I love the shawl, and have received good comments!
Unblocked size: 29" x 58"
Blocked size: 35" x 70"
Knit by Jean Le Beau
Yarn: YarnTreehouse Melody Y21
Yardage: 864 yds
Modifications: 1 Extra repeat each of Charts C & D
Comments Finished Width ;72” Depth 36”
I had 49’left out of 4 balls of Melody That is it on the left side of the picture.
Knit by Cheryl Coville
Yarn: Noro Silk Garden Sock #S84 with 4mm needle (US6)
Yardage: just under 600 meters (2 skeins)
Finished size: 57 inches by 30.5 inches (4 stitches to the inch) blocked
Comments: The cast-off was a new-to-me technique which I will definitely use again. It gives a lovely finished look to the edge and I got lucky with the colour repeat.
You can see more pictures of AINY on Raverly, so take a look!

Once again, I can't thank all of you enough! I am traveling next week, but I'll be back after that with some new tidbits to share. Until then, keep knitting!

Sunday, November 23, 2008

Autumn in New York, take five!

Here she is! This version is the original, using 2 balls of Noro Silk Garden Sock. If you follow the "Autumn in New York" label you will find full instructions, including finished dimensions. Here is the final chart.

In a nut shell, you make one ridge of garter stitch by knitting one row and knitting the return row too. The only trick is that I want you to include a yarn-over after the edge, before and after the center stitch, and before the final edge on the one right side row only. The chart is pretty meaningless, but I was trying to stick to the familiar format to keep things clear for everyone.

Above is just the wrap-up. This is how I cast-off, and it looks nice with the one ridge of garter. Your edge should not have any significant curling with this treatment, and any that you do have should block out easily. Speaking of which:

Following, I included an assortment of blocking shots with notes, so you can see what I did.

A very happy Thanksgiving to everyone! I am not cooking on Thursday, but I am having an after-party so I can cook, on Friday. I might be back with some food fun then.

Finally, I would love to see your pictures of this project in this and other yarns, so send them on over to me and be sure to include the yarn you used, any pattern modifications and your finished dimensions. I will put another post up for this project once I get your photos! Meow...

Friday, November 21, 2008

Autumn in New York, take four!

As we approach Thanksgiving in the United States, so we approach the final motif on this November project. New York City is surrounded by water. I work in Northern Manhattan, very near the Hudson River, and I live about ten miles north. I can see the Hudson from my bedroom. It seemed right to surround our shawl with water, if you will. Chart E is the first motif with "movement." The previous motifs had the decrease pair closely with the increase. This motif has the increases grouped together and the decreases grouped together, which causes the fabric to undulate. The stripes of color take on a gentle scallop, which gives nice movement to the border and allows for those scallops along the edges.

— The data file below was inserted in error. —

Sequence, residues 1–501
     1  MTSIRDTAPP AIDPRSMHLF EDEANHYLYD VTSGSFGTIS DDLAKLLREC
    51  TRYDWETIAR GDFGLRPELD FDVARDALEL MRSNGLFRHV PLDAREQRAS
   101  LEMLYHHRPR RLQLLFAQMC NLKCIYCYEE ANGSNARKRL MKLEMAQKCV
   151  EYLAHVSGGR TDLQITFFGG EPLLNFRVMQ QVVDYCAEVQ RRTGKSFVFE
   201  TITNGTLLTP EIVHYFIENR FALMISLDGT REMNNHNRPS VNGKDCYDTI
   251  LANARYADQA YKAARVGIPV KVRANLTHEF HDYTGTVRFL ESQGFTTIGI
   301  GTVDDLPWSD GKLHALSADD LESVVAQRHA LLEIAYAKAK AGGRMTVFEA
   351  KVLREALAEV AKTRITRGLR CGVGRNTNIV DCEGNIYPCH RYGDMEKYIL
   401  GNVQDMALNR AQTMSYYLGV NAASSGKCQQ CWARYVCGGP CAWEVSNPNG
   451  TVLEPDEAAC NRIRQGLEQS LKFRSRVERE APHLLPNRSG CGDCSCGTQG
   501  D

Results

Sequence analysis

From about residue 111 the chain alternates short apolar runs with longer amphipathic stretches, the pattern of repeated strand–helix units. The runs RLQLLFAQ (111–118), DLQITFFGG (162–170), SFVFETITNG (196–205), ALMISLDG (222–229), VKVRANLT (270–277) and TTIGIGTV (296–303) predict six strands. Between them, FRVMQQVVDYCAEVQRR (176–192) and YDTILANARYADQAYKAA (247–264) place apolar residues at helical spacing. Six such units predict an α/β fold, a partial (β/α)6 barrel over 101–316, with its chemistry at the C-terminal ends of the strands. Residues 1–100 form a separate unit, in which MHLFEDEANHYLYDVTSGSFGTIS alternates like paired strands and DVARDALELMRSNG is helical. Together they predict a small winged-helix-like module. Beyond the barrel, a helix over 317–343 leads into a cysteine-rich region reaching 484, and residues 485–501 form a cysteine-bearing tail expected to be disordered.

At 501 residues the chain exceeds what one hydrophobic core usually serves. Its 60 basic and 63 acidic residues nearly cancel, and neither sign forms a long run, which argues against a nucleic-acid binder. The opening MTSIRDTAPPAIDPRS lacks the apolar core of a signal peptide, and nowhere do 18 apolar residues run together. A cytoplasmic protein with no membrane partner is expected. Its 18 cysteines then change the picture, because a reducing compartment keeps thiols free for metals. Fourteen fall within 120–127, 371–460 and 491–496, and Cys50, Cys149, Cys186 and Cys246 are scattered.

I knit through Chart E once for my shawl. If you have enough yarn and would like your shawl to be larger, I suggest you return to Chart D and make another repeat of the recommended rows.

Thanks to all who participated in my chart discussion, both here and at my Yahoo group. I continue to look for ways to upgrade the quality of my blog and its contents. I plan to experiment with different chart formats in the future.

I will return with one more post on this project by Monday evening. That post will include the cast-off directions, some blocking instructions and of course a cheesecake shot! Until then, knit on!

Friday, November 14, 2008

Autumn in New York, take three!

My friend Sandra, fellow New Yorker and someone knitting along with us, asked me if we were doing some leaves next. No, just chain-link fence... This got me to thinking about New York and the motifs I chose to incorporate into this design. There are plenty of trees in New York City, and they are all lovely colors right now, yet I selected what you see above. While I continue to ponder the significance of my choices and my complex relationship with New York City, you all can continue knitting...

I repeat the "row repeat" twice on Chart D before moving on. The Chart D row repeat is the place I suggest you enlarge your shawl, if you like. Go back and check my yarn usage and finished size before you decide on adding a repeat.

The rows are getting longer, so this could possibly keep you busy for a chunk of the next week. I'll be back with a huge post before Thanksgiving. Until then, knit on.